Dropping milk feeds at 10 to 12 months

With solids rapidly replacing your baby’s milk feeds, do you know how and when to drop the bottles?

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How much milk does your baby need?

Your baby should still be having about a pint (600ml) of breastmilk or formula a day until he’s 12 months old, but once he’s fully established on solids and eating well, you may find he doesn’t want as much milk. Milk is still vital at this stage as it provides calcium, which is necessary for developing bones and strong teeth.

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You should continue to offer breast, formula or follow-on milk until your baby is one year old, as cow’s milk doesn’t contain enough iron or vitamin D to be used as a main drink. However, you can use cow’s milk on your baby’s cereal or in other forms such as yoghurt or a cheese sauce – useful if his milk intake is dropping and you need to keep his calcium topped up. Find out more about how to introduce cow’s milk.

Is your baby ready to drop a feed?

Between nine and 12 months, your baby may drop another one or two feeds, as he starts getting more nutrition from solids, taking him down to two to three feeds a day. Often, it’s the early morning feed that goes at this stage, as your baby may not be as hungry when he wakes up, and is able to wait until breakfast.

If your baby is ready to drop his morning feed, make sure he’s getting a filling and iron-rich breakfast, such as fortified cereal or porridge, or egg on toast. Offer a milk feed after breakfast; if he doesn’t want a bottle or breastfeed, you can give him milk from a cup with breakfast instead.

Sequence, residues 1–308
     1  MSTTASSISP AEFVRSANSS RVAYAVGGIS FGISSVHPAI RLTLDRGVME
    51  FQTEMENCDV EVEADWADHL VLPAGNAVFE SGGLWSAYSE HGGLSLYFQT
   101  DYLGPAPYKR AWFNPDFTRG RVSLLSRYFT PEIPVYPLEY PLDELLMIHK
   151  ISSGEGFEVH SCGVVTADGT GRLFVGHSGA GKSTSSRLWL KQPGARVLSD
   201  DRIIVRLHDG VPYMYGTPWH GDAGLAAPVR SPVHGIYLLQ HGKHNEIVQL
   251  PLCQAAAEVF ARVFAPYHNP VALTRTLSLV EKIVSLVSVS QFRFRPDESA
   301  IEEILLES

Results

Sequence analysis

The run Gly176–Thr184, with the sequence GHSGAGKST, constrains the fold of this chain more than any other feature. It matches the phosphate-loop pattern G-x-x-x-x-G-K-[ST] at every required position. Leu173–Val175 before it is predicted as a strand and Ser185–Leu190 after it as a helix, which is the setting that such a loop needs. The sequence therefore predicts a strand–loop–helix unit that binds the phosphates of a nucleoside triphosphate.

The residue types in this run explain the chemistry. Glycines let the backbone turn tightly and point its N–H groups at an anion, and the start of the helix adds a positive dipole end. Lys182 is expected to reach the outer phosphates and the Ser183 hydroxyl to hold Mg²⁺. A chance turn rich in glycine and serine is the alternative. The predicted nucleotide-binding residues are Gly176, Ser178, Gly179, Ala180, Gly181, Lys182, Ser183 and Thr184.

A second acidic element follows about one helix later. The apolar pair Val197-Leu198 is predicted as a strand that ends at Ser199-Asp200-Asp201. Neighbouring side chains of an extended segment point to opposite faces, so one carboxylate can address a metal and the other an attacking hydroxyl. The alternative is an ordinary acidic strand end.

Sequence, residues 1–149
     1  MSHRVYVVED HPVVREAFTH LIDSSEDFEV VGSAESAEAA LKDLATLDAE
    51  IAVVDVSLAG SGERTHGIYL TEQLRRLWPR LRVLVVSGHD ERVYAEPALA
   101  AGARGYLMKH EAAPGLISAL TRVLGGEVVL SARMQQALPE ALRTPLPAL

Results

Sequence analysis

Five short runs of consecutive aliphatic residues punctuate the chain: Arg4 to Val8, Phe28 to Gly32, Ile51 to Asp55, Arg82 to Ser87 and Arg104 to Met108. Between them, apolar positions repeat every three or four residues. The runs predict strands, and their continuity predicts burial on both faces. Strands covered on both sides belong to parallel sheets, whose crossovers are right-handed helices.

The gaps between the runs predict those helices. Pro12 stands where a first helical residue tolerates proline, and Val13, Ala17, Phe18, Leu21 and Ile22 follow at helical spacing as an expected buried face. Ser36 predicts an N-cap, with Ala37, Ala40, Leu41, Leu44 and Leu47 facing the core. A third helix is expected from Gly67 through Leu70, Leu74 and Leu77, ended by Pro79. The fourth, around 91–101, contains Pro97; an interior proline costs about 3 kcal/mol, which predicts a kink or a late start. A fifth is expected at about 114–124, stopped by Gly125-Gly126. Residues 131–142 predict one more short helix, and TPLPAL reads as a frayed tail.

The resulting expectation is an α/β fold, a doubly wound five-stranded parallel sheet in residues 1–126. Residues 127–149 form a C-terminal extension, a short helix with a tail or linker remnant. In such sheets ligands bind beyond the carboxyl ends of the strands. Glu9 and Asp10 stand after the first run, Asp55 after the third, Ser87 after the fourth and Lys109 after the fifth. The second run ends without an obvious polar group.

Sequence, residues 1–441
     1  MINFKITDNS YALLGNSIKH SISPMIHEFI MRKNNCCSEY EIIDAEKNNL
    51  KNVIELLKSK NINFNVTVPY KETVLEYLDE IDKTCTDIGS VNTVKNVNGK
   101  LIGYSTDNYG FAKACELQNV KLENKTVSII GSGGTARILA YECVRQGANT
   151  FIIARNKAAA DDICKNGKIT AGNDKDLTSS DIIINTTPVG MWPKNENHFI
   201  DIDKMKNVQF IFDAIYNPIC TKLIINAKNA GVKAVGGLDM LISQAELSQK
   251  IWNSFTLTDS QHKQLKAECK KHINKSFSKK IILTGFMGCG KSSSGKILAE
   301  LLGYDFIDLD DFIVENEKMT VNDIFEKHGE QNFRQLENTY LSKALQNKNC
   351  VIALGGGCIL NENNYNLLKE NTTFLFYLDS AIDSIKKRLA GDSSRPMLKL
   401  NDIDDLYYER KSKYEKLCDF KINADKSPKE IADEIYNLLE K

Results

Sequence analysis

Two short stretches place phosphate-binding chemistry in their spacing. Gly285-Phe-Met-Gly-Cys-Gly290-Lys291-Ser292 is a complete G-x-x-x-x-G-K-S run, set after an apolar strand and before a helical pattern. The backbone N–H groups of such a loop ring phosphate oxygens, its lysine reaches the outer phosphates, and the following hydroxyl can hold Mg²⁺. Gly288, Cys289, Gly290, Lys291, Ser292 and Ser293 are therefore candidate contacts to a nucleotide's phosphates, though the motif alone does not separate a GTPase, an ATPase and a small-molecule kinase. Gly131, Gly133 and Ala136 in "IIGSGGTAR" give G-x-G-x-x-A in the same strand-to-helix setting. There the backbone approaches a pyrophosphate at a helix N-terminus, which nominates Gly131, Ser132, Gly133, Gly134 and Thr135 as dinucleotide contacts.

If you’re breastfeeding, continue to offer the breast at your usual times, or feed your baby on demand. If you’re bottle-feeding, you’ll probably be able to replace one or two of the daily milk feeds with a cup of milk or water and a snack, but continue to give your baby some formula until a year old, usually with breakfast and at bedtime.

What if he goes off milk completely?

If your child goes off milk, you’ll need to be a bit inventive to ensure he’s getting enough calcium and other nutrients. Increase the amount of dairy produce he eats by giving him regular portions of yoghurt, custard and fromage frais, add grated cheese to foods such as mashed potato, and offer cheese cubes as a finger food. Making up his morning cereal with plenty of milk will also count towards his total. If he’s dropped his bedtime milk, he may start waking hungry during the night, so try moving his tea forward a little, and then giving him a filling supper, such as milky porridge, before bed.

What if he still wants as much milk as ever?

Drinking lots of milk isn’t necessarily a problem, as long as it’s not affecting your child’s appetite for solids. If he still wants regular breastfeeds or bottles, just make sure you’re offering them after meals, not before, so that he fills up on solids rather than milk. Also remember to keep offering water – it might be that he’s just thirsty.

If you feel your baby should have cut out a certain milk feed by now, try offering water or milk from a cup instead, alongside a snack. Some babies like the comfort of a breast- or bottle feed more than the milk itself.

Your baby’s typical daily meal plan

Breakfast: cereal and milk, diluted fruit juice, water or a small cup of formula
Milk: 4oz formula or a breastfeed, after breakfast or before a nap
Mid-morning: snack
Lunch: savoury main course, dessert, drink of water
Mid afternoon: snack
Tea: cooked main course, fresh fruit, water. 4oz formula or breastfeed
Bedtime: 7oz formula or breastfeed

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All babies are different, and this information is intended only as a guide. If you have any concerns about your baby’s feeding habits or the amount of milk he’s drinking, talk to your health visitor or doctor.

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